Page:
Week 11: Seeing Lights

Up until this point, my group XNihilo has been working on more of the hardware and design when it comes to our project. As a reminder, our group’s main objective is to create a hydration wristband. The first week of starting our project, we came up with the initial concept and design of our product as well as sourced materials and resources for the product. The second week, we created our cardboard prototype of the product and refined our idea. Additionally, we had tested the moisture sensor from copper tape in order to find the perfect distance to space the strips. The third week, we worked more specifically on the band design and then created the moisture sensor and circuitry from copper wire.

This week in class at the maker lab, Anjali was modeling the wristband on Fusion 360 and taking precise measurements of the FitBit screen while Ben and I were working on our final presentation PowerPoint. Used her amazing design skills and knowledge of Fusion 360 to design a wonderful band for us. This was one of the wonderful maker concepts brought to life in font of our eyes. By doing a project with people who have different backgrounds, we can utilize their skills. In this case, with Anjali’s major in industrial design¬†gave us a sleek design of the wristband. We wanted to make sure that the band would be able to fit the FitBit screen so we attempted to print the design on regular filament rather than the semi-flex that the final design would be printed in due to another group using the semi-flex filament at the same time. We will be printing the final design with semi-flex material in this upcoming week. Unfortunately for us, we were unable to test out our band as the 3D printer could not print our design properly, the edge of one side of the band kept lifting up and we were sadly left with a strip of plastic.

Ben working on PowerPoint

Anjali on Fusion 360

Our band on fusion 360

Band printing

https://giphy.com/gifs/ka6X2DvJcA6f6

What were able to print

“You can print in whatever color you like as long as it’s orange” – Professor Vishal Sachdev

 

On Tuesday and Wednesday, we met up in the FabLab in order to get some coding done. This was the part I was responsible for. I hadn’t coded for about 3 years before taking this class. As aforementioned in my previous blogs, I had coding experience from high school where I coded in Java and Flash. Unfortunately for me, coding for Arduinos only took C/C++ . Although the logic was similar when it came to coding, the syntax threw me off. Additionally, beside the small bit of coding we had done for our flashing light box, I had no idea what I was doing. Luckily for me, the FabLab was equipped with many helpful resources, including our main resource Brandon. While I was coding to make the LED lights flash , Brandon gave me hints and moral support. I learned so much from him as I learned new functions such as millis(), which count the number of milliseconds in which it has been since the program has called the function. With Brandon’s help, I was able to learn C’s syntax and code for the lights to blink different colors ¬†after we had calibrated the sensor by testing people’s skin for moisture sensitivity. It was truly a magical moment when it finally worked after hours of debugging the code and solving logical errors.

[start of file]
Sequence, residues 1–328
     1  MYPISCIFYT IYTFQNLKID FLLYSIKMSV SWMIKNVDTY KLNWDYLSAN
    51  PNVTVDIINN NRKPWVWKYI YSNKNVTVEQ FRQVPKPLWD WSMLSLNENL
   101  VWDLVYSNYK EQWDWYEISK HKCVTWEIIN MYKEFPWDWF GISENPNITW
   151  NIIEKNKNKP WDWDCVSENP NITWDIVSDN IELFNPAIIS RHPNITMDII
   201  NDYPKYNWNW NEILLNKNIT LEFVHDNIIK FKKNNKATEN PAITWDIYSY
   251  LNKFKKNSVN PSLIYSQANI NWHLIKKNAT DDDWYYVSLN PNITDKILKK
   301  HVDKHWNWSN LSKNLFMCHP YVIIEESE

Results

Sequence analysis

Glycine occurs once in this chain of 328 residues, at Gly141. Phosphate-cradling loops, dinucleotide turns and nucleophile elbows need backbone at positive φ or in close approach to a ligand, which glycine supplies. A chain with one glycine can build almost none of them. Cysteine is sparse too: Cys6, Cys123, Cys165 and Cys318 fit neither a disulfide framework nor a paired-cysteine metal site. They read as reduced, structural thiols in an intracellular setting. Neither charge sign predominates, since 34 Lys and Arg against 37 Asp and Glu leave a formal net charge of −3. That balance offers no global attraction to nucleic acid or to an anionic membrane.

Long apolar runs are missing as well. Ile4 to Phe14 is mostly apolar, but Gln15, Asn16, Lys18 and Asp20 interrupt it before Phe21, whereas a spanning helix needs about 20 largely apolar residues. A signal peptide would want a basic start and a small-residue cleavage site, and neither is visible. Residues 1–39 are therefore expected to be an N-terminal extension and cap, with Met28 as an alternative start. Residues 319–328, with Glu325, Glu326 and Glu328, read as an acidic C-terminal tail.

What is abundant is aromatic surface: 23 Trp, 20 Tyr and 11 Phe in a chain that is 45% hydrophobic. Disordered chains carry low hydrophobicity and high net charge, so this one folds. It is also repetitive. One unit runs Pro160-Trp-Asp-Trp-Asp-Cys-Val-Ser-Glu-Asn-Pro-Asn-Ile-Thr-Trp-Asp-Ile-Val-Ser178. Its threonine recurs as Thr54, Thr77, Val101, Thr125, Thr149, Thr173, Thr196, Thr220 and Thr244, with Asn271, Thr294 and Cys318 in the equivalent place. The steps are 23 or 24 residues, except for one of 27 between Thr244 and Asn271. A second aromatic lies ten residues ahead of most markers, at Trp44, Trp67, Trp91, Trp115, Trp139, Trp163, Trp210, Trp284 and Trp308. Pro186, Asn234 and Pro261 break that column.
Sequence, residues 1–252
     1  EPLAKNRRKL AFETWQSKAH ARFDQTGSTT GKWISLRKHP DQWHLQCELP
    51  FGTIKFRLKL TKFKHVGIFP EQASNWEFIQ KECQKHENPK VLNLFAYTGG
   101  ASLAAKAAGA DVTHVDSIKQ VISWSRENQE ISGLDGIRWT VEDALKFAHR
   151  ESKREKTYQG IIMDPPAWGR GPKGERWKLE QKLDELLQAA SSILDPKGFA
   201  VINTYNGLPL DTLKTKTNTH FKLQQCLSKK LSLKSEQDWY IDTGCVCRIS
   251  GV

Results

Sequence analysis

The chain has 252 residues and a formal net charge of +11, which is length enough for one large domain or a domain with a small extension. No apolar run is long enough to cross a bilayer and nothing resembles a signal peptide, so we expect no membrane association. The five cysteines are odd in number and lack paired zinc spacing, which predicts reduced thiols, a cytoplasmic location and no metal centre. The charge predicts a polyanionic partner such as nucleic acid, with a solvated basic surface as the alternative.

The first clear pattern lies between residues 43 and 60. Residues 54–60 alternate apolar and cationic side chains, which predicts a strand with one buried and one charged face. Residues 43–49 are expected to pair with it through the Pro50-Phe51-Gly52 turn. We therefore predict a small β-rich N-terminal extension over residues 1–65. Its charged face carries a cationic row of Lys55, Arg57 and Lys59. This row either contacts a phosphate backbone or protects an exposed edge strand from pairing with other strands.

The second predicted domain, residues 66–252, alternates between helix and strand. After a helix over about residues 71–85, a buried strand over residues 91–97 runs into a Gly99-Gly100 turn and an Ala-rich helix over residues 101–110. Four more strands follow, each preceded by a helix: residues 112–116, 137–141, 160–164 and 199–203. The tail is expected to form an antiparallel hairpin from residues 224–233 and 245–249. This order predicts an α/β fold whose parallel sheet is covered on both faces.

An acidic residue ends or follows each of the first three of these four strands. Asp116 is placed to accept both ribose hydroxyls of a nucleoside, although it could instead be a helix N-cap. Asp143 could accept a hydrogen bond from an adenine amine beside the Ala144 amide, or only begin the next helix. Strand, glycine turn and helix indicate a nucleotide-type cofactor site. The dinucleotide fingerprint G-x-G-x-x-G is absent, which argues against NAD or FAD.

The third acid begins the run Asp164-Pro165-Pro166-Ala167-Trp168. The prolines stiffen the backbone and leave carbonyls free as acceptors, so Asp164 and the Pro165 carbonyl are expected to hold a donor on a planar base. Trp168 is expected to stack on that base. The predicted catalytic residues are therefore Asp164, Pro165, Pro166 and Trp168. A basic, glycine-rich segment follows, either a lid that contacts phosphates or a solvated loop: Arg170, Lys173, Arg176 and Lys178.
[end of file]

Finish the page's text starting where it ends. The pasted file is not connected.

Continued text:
Me coding

 

Testing sensor to calibrate it with code:

https://giphy.com/gifs/sGo40ooUCyeLm

 

https://giphy.com/gifs/E2QEd2tIsSjbW

Our sensor is now able to:

  • Blink red 3 times, if the skin moisture is below average/dehyrated.

https://giphy.com/gifs/5YAlb1btEkk92

  • Blink blue 3 times, every 3 seconds (this will be changed to every 3 hours, as a this is an estimate of how often a person should drink a cup of water)

https://giphy.com/gifs/AoZkb26dMxvfa

  • Blink green 3 times, if the skim moisture is too high, such as when a person is perspiring and losing water.

https://giphy.com/gifs/11vlzFiJXNvDmo

Please enjoy this video of me explaining what is happening with our sensor: